News Irish News

Saturday 21 April 2018

Standing out from the scrum - meet the woman behind the Guinness PRO12 tournament

As Munster hope for a final win in Dublin today, our reporter meets some of the women involved in the Guinness PRO12 tournament

Field day: Referee Joy Neville in Thomond Park. Photo: Brian Gavin Press 22
Field day: Referee Joy Neville in Thomond Park. Photo: Brian Gavin Press 22
Limerick referee Joy Neville. Photo: Brian Gavin Press 22
Amy Monaghan, Guiness PRO12 Tournament Manager at The Aviva stadium. Photo: Tony Gavin
Laura Mahony, performance nutritionist, Connacht Rugby. Photo: Andrew Downes, xposure

Chrissie russell

From the lads on the field to the guys on the gate and the predominantly male crowd in the stands, there'll undeniably be a whiff of testosterone to today's Munster vs Scarlets Guinness Rugby PRO12 final at the Aviva.

But while the men might still be in the majority, rugby is increasingly feeling the effects of a female touch. Not only is the women's team going from strength to strength but more and more women are making their mark at all levels of the men's game. From co-ordinating tournaments to controlling matches and creating optimum performance for players, we hear from three of the women tackling challenges in the sport and trying to change the face of rugby.

I’ve found with players that respect depends on you doing a job well, not your gender

The referee

Limerick referee Joy Neville is the first woman to officiate in the British and Irish Cup and All-Ireland League Division One and run the line in the PRO12. Fresh from picking up her Referee of the Year award at the Munster Rugby awards, the former Ireland ladies' captain, and Grand-Slam winner, explains what life is like on the pitch, second time around.

"Before I decided to become a referee, I rang someone high up in rugby circles whose opinion I respected. 'What, in your eyes, would be the opportunity for an Irish female to referee in an Irish division 1A or 1B game?' I asked him. His reply was: 'Joy, not in my lifetime.' That was me in. That was my goal. I literally picked up the phone to Dave McHugh (performance referee manager at IRFU) there and then and said, 'That's me in.'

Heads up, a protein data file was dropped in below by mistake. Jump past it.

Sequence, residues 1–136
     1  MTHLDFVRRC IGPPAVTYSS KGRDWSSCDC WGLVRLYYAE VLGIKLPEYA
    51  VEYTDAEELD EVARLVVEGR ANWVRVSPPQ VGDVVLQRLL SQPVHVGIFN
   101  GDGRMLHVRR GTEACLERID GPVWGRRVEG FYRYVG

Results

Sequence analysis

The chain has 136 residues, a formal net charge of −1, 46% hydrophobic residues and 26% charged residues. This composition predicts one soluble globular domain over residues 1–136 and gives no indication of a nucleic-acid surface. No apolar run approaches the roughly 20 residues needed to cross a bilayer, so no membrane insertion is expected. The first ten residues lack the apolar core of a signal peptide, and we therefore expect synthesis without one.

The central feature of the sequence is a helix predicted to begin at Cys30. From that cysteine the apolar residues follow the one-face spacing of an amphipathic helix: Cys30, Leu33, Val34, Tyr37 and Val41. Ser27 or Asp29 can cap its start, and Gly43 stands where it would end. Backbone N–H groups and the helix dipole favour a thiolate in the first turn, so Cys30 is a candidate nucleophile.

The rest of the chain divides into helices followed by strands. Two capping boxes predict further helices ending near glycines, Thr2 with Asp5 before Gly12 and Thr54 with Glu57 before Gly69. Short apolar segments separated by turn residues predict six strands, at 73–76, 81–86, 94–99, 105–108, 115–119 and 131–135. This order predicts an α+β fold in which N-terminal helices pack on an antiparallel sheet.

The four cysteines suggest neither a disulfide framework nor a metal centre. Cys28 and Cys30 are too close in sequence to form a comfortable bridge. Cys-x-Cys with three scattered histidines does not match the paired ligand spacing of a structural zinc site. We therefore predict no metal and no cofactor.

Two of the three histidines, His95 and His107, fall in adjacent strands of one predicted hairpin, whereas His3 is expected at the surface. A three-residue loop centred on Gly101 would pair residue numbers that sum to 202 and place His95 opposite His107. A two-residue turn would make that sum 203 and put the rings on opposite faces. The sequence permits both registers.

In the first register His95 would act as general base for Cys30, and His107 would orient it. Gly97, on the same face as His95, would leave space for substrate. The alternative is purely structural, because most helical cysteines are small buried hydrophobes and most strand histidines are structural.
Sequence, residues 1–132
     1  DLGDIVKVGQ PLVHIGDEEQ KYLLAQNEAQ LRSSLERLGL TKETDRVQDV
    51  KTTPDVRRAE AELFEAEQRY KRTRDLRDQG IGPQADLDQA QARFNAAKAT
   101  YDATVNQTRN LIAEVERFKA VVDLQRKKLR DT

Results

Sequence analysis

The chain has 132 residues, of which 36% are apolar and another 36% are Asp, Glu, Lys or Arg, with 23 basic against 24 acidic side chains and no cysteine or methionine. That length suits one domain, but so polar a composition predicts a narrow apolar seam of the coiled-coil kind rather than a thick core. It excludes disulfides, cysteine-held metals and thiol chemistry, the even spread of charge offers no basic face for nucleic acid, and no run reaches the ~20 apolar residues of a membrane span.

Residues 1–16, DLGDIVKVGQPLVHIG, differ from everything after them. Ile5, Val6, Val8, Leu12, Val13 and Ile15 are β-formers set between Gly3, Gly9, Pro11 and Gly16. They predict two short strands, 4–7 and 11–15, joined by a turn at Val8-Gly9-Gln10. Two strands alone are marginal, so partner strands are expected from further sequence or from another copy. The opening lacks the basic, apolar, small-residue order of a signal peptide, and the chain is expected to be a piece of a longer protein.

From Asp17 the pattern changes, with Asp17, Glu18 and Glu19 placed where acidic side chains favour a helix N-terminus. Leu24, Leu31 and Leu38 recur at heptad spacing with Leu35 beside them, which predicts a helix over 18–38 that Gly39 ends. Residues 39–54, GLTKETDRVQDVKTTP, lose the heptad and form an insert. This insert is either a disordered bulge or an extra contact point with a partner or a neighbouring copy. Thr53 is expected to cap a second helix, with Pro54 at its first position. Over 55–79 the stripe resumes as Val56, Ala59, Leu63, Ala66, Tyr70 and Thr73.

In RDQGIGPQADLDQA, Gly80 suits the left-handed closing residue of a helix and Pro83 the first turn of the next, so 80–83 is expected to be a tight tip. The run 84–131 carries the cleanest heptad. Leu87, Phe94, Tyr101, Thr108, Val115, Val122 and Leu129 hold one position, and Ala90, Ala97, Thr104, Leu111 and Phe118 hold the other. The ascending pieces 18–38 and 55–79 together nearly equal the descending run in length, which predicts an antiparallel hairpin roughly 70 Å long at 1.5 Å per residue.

"As a player, I know that a referee has to be approachable. But when I started off, I wasn't as approachable as I should have been. I think I was a bit defensive because I was afraid that, as a woman, I would be taken advantage of on the pitch. But what I've found with the players is that respect depends on you doing a job well, not gender. The lads do worry about what to call me, though. They have a habit of going, 'Sir! Oh no, sorry…' I'm fine about it; they can call me 'sir' or 'ma'am' - I'm not going to take offence.

"I've definitely come across a few negative remarks off the pitch, mostly the older generation. The comments can be derogatory but I don't let it bother me. It's just about education and showing that a woman can do just as good a job in the middle as a man.

"I train with some of the male referees and we push each other. Refereeing in the Sevens World Series could mean up to five games, two days in a row and running the guts of a half marathon in a weekend. But the training is very different to when I was playing - more about speed and endurance than strength - and I prefer it. I was never one for the weights.